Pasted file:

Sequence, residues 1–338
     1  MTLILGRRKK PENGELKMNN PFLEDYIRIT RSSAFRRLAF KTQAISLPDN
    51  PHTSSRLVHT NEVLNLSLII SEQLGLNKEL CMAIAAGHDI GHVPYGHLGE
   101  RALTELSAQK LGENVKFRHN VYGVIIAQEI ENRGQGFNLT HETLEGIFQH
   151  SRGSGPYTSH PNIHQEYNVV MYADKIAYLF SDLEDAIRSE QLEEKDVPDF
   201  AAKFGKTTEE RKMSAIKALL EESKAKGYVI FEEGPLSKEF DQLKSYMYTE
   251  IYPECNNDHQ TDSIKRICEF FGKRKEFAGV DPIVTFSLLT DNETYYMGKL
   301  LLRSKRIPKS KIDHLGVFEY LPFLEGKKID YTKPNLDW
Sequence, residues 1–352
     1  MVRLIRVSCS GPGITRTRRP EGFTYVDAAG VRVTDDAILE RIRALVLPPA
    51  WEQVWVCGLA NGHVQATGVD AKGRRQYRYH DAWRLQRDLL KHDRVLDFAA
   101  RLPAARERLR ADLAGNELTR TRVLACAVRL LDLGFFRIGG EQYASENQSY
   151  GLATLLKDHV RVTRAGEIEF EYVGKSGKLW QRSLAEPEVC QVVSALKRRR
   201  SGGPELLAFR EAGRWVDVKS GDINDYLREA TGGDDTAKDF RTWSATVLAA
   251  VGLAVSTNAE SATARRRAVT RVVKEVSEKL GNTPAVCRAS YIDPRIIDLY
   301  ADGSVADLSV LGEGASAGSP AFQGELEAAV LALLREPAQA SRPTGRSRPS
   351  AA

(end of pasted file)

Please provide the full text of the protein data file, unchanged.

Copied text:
Sequence, residues 1–338
     1  MTLILGRRKK PENGELKMNN PFLEDYIRIT RSSAFRRLAF KTQAISLPDN
    51  PHTSSRLVHT NEVLNLSLII SEQLGLNKEL CMAIAAGHDI GHVPYGHLGE
   101  RALTELSAQK LGENVKFRHN VYGVIIAQEI ENRGQGFNLT HETLEGIFQH
   151  SRGSGPYTSH PNIHQEYNVV MYADKIAYLF SDLEDAIRSE QLEEKDVPDF
   201  AAKFGKTTEE RKMSAIKALL EESKAKGYVI FEEGPLSKEF DQLKSYMYTE
   251  IYPECNNDHQ TDSIKRICEF FGKRKEFAGV DPIVTFSLLT DNETYYMGKL
   301  LLRSKRIPKS KIDHLGVFEY LPFLEGKKID YTKPNLDW
Sequence, residues 1–352
     1  MVRLIRVSCS GPGITRTRRP EGFTYVDAAG VRVTDDAILE RIRALVLPPA
    51  WEQVWVCGLA NGHVQATGVD AKGRRQYRYH DAWRLQRDLL KHDRVLDFAA
   101  RLPAARERLR ADLAGNELTR TRVLACAVRL LDLGFFRIGG EQYASENQSY
   151  GLATLLKDHV RVTRAGEIEF EYVGKSGKLW QRSLAEPEVC QVVSALKRRR
   201  SGGPELLAFR EAGRWVDVKS GDINDYLREA TGGDDTAKDF RTWSATVLAA
   251  VGLAVSTNAE SATARRRAVT RVVKEVSEKL GNTPAVCRAS YIDPRIIDLY
   301  ADGSVADLSV LGEGASAGSP AFQGELEAAV LALLREPAQA SRPTGRSRPS
   351  AA